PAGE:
TAMPA -- Backing off questions about a possible 2014 run for governor, Republican U.S. Rep. Aaron Schock said Wednesday that winning suburban congressional races is "huge" for the GOP.
Schock, speaking to Illinois delegates to the Republican National Convention at their Clearwater Beach hotel, also rallied the delegates to work to take back the Illinois House and said his party could take some tips on candidate recruitment from Democratic Illinois House Speaker Michael Madigan.
Nominee Mitt Romney will address the convention, as will Florida Sen. Marco Rubio and others. Entertainment includes Bebe Winans and Choir and Taylor Hicks. Several former U.S. Olympic athletes will appear.
Where to watch:
• Fox News: 9-10:30 p.m.
• MSNBC: 6 p.m. to midnight.
• CNN: Beginning at 3 p.m.
• CSPAN: All day.
• ABC, NBC and CBS: 9-10 p.m.
• Many sources will stream convention events live online all day.
"We need to keep those," Schock said of high-profile congressional races in the suburban 8th, 10th and 11th districts. Schock represents the 18th district.
"When you're the congressman or woman, you're the titular head of your party," he said of U.S. reps. Joe Walsh, Bob Dold and Judy Biggert. "What Republican Congresswoman Judy Biggert has done, what Bob Dold has done, to reinvigorate those Republicans in those parts of the state ... is extremely important for the competitiveness of Republicans statewide."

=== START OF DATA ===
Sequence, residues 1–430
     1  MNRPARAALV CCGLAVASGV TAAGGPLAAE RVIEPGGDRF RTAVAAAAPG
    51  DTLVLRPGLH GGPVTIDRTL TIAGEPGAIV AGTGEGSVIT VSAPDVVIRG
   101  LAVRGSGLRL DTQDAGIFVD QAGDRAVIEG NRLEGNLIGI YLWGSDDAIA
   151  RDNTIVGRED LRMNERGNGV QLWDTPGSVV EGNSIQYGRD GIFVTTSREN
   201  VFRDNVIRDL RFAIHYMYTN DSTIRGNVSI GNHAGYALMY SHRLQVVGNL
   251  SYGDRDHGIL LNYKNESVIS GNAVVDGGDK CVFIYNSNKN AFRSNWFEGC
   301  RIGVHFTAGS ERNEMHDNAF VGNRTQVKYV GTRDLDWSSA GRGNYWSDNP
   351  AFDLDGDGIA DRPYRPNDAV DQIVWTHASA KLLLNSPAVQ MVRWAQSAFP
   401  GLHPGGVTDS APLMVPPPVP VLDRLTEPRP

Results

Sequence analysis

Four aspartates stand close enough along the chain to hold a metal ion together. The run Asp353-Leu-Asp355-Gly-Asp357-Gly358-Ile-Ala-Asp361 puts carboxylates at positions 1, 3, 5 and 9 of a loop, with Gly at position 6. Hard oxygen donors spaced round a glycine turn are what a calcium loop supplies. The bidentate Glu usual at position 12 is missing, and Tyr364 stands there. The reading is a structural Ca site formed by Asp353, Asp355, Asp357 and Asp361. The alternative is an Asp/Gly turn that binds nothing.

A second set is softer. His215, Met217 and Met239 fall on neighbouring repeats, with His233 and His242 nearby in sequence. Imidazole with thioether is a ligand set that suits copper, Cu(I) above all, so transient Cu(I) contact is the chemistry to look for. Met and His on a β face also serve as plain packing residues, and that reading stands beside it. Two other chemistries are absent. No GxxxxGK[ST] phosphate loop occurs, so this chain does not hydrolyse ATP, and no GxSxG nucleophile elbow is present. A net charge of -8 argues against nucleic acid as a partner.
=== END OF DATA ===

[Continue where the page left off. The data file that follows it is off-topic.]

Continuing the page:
Walsh, of McHenry, faces Democrat Tammy Duckworth of Hoffman Estates in the 8th District, which includes parts of Cook, DuPage and Kane counties. Dold, of Kenilworth, is challenged by Democrat Brad Schneider of Deerfield in the 10th District in Lake and northern Cook counties. Biggert, of Hinsdale, squares off against former U.S. Rep. Bill Foster of Naperville in the 11th District in central Will and southern DuPage and Kane counties,
Dold and Biggert will each spend a portion of the week at the convention. Walsh, however, has chosen to stay at home to campaign in the district.
"It's a tight race. If I were Joe Walsh right now, I would be back home campaigning for those votes as well," Schock said.
Schock wouldn't talk about rumored plans for a 2014 bid for governor, saying his focus is "here and now."
While he cut at Democrats for fiscal mismanagement and a tax increase, he noted Madigan has "done a very good job with candidate recruitment. One thing I've learned is if you have all the money in the world and you have a bad horse, you don't win on race day."
He said Illinois House Republicans are six seats shy of gaining a majority in the Illinois House and achieving a long-term goal of wresting power away from Madigan, who has held the position of House speaker for all but two years since 1983.
"Whether I run or someone else runs, (the point) is that we focus on state House and state Senate races so whoever runs has a majority to get things done," Schock said.